Even if we just focus on the hockey itself, Henderson’s goal might be overrated. Sure, it’s a series-winning marker in the final minute of the game. But it was also part of an exhibition series missing arguably the two best Canadian players in Bobby Orr (injury) and Bobby Hull (punishment for signing with the upstart WHA) as well as two key Russians.

Yes, it’s cool that a relative no-name in Henderson had the month of his life, scoring the winning goal in each of the final three games of the series. But even with that head start, Henderson still isn’t in the Hockey Hall of Fame. It’s just not quite the same feeling as if, say, Esposito had played hero.

WATCH | CBC Sports’ Rob Pizzo examines Henderson’s Hall of Fame merit:

Is Paul Henderson a Hockey Hall of Famer?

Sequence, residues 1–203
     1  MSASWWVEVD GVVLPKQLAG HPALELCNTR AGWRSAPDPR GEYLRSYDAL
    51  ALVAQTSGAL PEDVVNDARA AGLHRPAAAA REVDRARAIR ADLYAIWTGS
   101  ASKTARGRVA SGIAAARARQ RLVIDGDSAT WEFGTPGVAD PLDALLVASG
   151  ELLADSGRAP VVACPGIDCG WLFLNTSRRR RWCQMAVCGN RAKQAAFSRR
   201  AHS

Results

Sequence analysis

49 years after scoring one of the most famous goals in hockey history, the debate rages on. Rob Pizzo looks at both sides of the argument.

And in 50 years since, Henderson’s goal has likely been eclipsed. Crosby’s goal is unassailable. Gretzky to Lemieux to win the 1987 Canada Cup speaks for itself. You could take your pick of Marie-Philip Poulin’s golden goals, though the 2014 Olympic overtime winner certainly stands out.

How all that plays into the legacy of the 1972 Summit Series may be in the eye of the beholder. Despite current events, there’s no taking away the feeling children across the country had on that September day, when school was essentially cancelled for the afternoon so everyone could watch Canada take on, and eventually defeat, the enemy Soviet Union.

Fifty years later, not everyone remembers that goal back in ‘ol ’72. But it’s at least worth knowing about.

Speaking of which, CBC Sports contributor Vicki Hall put together a riveting oral history on the first four games of the Summit Series, including voices like Esposito, Henderson and Ken Dryden. Part 2 will be published on Sept. 14.